In my experience, focusing on non-financial aspects of a job/startup is a better orientation. Is the startup working on something that fires you up? That makes the world better? Will you get to work with interesting, kind people? Will you build new skills you want to have? Then sounds like an awesome opportunity to me!

Sure, there is a financial haircut in salary but most startups pay enough to live on. If your focus is the experience you get there, then even if the startup doesn't become a unicorn it will have been a worthwhile experience and you can leverage it into the next thing you do. You'll also have a sense once you're there if things are going in the right direction or not. Leave if things feel exploitative, obviously, but I wouldn't say joining a mission-driven startup is a bad idea. On the contrary, I can't imagine joining a company that isn't mission-driven.

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As someone who has founded a couple of companies and worked in the startup ecosystem my whole career, here are my two cents:

● Money. Startup equity is like a lottery ticket. I agree with the author that the chances of your startup equity ever turning into a life-changing amount of money are slim. In most cases, you'll be better off economically taking a corporate job, saving and investing. However, most people aren't exclusively (or even primarily) motivated to work by money.

● Meaning. Workers want to feel like their work is having a positive impact on the world, and you're more likely to find that in a startup.

● Mastery. One of the complaints of a typical corporate job is that it's boring. One of the most compelling reasons to work at a startup is that you're constantly pushed to learn and grow. When we're learning and growing, we actually enjoy work more—even though it's harder.

● Autonomy. Autonomy is the ability to execute your work in the way that you see fit without your boss micromanaging you. Honestly, this one is a coin toss. I find that autonomy can vary within any organization, depending on your direct manager. There are micromanagers in startups just like there are in the corporate world.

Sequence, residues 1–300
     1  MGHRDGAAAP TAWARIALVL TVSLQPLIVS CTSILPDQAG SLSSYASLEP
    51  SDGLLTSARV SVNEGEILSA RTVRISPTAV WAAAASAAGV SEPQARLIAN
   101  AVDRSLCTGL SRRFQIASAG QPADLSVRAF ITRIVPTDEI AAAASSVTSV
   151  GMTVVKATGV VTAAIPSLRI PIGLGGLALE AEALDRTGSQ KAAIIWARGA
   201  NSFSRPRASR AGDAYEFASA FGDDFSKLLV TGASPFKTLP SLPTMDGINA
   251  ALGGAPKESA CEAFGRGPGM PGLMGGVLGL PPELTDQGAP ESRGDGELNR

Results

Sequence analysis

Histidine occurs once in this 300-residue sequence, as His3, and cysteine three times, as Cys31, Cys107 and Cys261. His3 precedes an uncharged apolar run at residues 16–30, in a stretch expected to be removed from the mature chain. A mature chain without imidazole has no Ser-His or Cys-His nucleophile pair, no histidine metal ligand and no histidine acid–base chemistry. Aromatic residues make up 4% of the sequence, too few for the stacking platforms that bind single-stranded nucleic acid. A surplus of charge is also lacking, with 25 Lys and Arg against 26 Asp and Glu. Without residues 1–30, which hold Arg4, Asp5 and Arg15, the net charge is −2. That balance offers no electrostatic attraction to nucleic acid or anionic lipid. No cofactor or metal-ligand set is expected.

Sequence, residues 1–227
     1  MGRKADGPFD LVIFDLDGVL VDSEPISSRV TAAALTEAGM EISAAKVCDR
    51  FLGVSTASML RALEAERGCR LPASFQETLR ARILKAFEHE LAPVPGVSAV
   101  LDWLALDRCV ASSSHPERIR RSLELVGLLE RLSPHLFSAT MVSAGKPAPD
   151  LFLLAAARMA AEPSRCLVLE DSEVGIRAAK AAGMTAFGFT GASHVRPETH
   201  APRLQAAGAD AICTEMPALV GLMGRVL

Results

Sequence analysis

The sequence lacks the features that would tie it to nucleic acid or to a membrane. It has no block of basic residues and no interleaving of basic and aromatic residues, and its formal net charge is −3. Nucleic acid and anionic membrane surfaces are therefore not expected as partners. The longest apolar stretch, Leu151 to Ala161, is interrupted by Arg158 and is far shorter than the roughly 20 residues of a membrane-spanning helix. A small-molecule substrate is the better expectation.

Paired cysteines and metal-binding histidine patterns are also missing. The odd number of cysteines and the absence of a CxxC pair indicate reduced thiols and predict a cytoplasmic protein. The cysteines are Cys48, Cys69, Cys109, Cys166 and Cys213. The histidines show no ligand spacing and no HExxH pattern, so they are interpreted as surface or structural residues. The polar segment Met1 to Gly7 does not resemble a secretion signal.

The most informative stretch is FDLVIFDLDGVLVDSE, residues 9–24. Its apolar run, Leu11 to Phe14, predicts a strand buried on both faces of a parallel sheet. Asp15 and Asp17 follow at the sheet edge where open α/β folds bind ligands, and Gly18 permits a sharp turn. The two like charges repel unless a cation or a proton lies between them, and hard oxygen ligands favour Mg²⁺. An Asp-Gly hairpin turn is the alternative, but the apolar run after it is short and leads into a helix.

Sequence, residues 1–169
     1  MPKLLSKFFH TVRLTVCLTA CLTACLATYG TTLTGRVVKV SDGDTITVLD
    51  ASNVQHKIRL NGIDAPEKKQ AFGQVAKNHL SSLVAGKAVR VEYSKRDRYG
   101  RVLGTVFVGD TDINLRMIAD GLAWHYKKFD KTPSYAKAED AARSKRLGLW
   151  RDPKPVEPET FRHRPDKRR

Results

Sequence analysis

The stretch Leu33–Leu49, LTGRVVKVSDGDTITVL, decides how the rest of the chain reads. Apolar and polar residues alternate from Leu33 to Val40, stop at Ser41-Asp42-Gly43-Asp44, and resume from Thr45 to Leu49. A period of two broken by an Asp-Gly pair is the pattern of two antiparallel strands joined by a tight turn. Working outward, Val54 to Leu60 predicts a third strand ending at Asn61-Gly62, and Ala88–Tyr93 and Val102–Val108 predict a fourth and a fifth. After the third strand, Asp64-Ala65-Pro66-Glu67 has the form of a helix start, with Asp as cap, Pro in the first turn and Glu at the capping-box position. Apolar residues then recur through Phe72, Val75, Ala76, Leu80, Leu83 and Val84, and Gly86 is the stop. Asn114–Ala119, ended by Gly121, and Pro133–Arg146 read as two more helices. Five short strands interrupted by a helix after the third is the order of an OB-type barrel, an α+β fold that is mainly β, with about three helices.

● Team. One of the most tangible impacts on fulfillment at work is whether you like the people you work with. The cool thing is that great people are at all types of companies. But, in my experience, if you're the type of person that finds enough meaning, mastery and/or autonomy that you're willing to take the economic risk to work at a startup, then you'll probably find a like-minded tribe of people there.

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Considering I was fired unjustly this week from a growing company I was pouring my everything into I would say don’t work for a startup. But...I disagree with the statement that mission driven companies often end up exploitative. I think leaders that manipulate end up exploitative but the employees who are drawn to mission driven companies tend to be more creative problem solvers and empathetic.

I have a lot of feelings about building value based businesses and I hope I can help more of these start ups and small businesses incorporate better business practices so they don’t exploit their employees.

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In my career as a consultant and employee, I have worked for over a dozen start-ups, so I don't ascribe to the mantra of "Don't work at a start-up." First of all, I have never "taken a haircut" on salary to work for a start-up, and no one ever should. If the start-up isn't well funded enough to pay prevailing wages then that start-up isn't worth your consideration. None of the start-ups I've worked for have (yet) been successful, which reinforces that one should never count on equity to make up for uncompensated effort and hard work. I have thoroughly enjoyed working at all the start-ups in my past because the nature of start-ups is that you are attempting to do something that has never been done before, which I have found to be exciting, challenging, extremely frustrating, and at the same time incredibly rewarding. I have gained experience that I never would have had the opportunity to if I had been working for a main-stream company. My recommendation is to join a start-up if you are motivated to figure out how to do things independently and love to be challenged. However, if you like to be comfortable and be mentored on how to do your job, work for a main-stream company.

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Apr 29·edited Apr 29

All companies can trace their roots back to a startup. The best startups run ahead of the bigger corps, and as a result often offer more opportunities to work at the leading edge, and when they’re growing rapidly, the chance to take on bigger challenges sooner in your career. At what point in a company’s lifecycle you should sign on depends a great deal on whether that kind of environment is attractive to you, your own personal tolerance for and ability to take risk, and where you’ll be if the thing does fail. As large companies also suffer setbacks, that last question really applies across the board. If you’ll be stronger and more capable regardless of the outcome, you love the people and the work, and can afford to take the risk, go for it.